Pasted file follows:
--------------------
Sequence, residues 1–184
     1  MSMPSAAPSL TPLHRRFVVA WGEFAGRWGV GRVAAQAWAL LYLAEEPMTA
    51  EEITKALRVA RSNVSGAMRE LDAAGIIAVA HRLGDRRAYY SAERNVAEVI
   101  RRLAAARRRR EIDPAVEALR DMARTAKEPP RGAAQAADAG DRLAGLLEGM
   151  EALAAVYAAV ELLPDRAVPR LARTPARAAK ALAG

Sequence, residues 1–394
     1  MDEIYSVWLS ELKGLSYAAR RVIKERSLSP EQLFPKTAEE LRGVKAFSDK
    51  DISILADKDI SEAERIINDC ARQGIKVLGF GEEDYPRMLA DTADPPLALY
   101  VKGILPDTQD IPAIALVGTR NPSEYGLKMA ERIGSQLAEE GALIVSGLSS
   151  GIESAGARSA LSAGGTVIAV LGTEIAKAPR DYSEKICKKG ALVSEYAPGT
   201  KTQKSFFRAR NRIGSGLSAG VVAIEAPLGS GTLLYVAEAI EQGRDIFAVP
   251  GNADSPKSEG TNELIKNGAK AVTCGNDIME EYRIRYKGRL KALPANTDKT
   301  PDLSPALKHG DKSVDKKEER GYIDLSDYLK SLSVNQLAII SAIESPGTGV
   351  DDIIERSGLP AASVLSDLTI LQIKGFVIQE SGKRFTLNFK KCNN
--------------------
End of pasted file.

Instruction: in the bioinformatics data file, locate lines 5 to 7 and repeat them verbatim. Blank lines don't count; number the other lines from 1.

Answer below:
   151  EALAAVYAAV ELLPDRAVPR LARTPARAAK ALAG

Sequence, residues 1–394
     1  MDEIYSVWLS ELKGLSYAAR RVIKERSLSP EQLFPKTAEE LRGVKAFSDK